A longitudinal study of changes in adoption practices related to openness found increasing numbers of agencies are offering fully disclosed adoption - from 36% in 1987 to 79% in 1999. Fully disclosed adoption is defined in "The Impact of Openness on Adoption Agency Practices: A Longitudinal Perspective" as "when the parties share information, and/or meetings, and/or phone calls, and the sharing is conducted directly with the other party." According to the study by Henney, McRoy, Ayers-Lopez and Grotevant, by 1999 only one-third of agencies were offering confidential adoptions ("no information is shared beyond 6 months after placement") and none were offering confidential only. The study, published in Adoption Quarterly, Volume 6, Number 3, consisted of phone interviews with private adoption agency staff in 1987-1989 (31 agencies), 1993 (34 agencies) and 1999 (24 agencies). The shift in practice has occurred primarily because of birthmother demand - in 1999, 87% of agencies reported that as a factor for the practice change. To order this article, go to: http://www.haworthpressinc.com/store/product.asp?sku=J145.2000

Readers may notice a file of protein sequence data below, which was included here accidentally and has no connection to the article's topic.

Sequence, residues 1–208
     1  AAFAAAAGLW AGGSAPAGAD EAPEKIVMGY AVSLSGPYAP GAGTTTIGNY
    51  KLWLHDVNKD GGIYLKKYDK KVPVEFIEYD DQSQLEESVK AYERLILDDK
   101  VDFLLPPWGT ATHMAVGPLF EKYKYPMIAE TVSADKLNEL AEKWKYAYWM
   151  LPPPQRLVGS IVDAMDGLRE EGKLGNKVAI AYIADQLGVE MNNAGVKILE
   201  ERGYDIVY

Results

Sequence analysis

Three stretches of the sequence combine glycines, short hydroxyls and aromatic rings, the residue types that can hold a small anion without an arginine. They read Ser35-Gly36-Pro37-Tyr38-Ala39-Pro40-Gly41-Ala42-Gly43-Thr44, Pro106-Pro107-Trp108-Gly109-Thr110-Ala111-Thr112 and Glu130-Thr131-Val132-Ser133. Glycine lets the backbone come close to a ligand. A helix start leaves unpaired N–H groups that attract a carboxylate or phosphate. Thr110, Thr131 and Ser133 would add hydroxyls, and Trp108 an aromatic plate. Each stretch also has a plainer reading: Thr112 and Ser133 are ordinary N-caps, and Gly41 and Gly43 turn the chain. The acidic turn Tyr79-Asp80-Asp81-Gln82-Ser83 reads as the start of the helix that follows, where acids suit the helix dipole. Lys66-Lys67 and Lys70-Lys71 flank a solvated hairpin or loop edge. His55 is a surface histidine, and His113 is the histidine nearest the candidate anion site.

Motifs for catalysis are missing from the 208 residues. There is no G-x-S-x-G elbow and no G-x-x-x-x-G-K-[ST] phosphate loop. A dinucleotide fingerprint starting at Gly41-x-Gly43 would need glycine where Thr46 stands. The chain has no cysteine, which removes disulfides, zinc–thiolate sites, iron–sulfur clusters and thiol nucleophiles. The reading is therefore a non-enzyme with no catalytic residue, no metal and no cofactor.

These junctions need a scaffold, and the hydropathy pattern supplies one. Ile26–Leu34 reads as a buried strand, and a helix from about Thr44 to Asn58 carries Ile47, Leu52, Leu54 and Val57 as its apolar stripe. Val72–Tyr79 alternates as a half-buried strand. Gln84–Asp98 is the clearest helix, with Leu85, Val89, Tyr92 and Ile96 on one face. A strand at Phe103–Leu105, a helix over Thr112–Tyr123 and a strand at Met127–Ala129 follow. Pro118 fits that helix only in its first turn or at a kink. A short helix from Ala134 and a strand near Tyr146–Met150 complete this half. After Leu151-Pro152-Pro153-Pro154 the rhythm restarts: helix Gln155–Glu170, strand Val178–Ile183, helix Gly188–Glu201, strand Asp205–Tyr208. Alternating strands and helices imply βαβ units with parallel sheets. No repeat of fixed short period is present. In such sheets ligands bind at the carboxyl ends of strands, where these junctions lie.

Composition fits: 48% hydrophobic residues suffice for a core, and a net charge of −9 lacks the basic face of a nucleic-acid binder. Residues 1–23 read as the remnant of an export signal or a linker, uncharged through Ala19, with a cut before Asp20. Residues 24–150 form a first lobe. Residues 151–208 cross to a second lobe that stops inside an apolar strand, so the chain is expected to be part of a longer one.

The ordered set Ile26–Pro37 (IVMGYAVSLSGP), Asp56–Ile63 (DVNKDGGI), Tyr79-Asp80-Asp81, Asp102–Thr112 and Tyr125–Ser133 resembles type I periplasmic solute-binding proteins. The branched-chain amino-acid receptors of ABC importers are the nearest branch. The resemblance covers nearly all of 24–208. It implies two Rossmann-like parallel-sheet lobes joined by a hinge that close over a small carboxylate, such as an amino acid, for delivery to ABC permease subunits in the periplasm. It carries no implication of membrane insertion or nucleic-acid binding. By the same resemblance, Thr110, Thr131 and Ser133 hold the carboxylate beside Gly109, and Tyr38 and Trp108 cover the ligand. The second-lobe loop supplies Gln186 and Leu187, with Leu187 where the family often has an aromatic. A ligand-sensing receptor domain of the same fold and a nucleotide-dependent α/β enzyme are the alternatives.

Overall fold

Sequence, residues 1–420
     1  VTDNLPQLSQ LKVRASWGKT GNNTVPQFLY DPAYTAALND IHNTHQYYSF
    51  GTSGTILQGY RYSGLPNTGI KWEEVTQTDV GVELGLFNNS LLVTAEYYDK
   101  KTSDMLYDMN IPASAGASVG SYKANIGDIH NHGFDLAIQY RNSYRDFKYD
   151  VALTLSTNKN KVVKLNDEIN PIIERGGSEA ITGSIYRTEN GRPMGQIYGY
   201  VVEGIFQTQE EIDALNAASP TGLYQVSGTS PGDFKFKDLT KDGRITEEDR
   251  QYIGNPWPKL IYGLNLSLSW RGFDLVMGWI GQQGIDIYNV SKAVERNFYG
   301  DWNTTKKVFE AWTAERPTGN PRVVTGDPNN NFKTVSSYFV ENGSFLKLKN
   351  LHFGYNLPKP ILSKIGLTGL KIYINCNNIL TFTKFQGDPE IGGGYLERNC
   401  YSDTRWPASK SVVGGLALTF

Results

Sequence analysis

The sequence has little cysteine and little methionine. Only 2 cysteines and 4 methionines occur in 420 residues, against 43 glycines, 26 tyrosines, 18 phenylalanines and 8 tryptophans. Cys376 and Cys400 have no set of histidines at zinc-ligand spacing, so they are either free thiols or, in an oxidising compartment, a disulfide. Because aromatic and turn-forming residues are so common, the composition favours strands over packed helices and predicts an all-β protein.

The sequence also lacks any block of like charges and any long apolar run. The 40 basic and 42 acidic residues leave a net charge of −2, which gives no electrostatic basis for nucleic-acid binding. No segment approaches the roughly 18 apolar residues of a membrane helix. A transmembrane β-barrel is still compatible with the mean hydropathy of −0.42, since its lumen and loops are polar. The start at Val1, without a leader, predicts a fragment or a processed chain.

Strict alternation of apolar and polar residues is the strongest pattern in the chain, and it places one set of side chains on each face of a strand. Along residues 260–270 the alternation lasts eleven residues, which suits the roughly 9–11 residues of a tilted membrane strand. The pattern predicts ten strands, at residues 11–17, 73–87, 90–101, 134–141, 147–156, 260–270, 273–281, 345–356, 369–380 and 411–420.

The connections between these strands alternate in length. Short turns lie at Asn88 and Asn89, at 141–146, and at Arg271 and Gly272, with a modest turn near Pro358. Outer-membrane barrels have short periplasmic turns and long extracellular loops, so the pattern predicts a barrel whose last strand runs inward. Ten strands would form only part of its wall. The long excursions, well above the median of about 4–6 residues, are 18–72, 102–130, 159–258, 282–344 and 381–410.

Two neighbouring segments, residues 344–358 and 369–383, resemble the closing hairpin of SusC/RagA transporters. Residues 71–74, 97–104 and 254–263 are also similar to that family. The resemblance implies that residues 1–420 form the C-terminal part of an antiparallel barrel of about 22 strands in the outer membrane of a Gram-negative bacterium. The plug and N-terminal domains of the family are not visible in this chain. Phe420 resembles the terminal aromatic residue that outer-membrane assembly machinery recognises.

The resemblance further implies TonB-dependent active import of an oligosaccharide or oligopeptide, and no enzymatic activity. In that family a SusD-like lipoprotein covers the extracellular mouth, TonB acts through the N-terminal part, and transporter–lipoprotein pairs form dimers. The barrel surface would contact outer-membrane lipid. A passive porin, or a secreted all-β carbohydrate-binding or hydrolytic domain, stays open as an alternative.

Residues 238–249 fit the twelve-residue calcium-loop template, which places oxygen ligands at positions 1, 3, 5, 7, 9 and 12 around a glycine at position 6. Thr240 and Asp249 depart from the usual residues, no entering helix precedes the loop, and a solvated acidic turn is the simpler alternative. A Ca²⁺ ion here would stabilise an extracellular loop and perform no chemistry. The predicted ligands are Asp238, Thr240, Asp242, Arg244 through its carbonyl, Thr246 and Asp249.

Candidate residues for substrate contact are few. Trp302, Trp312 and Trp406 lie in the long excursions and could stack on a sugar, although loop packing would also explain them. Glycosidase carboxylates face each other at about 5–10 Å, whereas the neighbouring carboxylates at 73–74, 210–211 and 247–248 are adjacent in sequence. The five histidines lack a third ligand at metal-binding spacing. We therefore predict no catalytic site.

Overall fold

ADOPTIVE PARENTS' EMPATHY ASSOCIATED WITH OPEN ADOPTION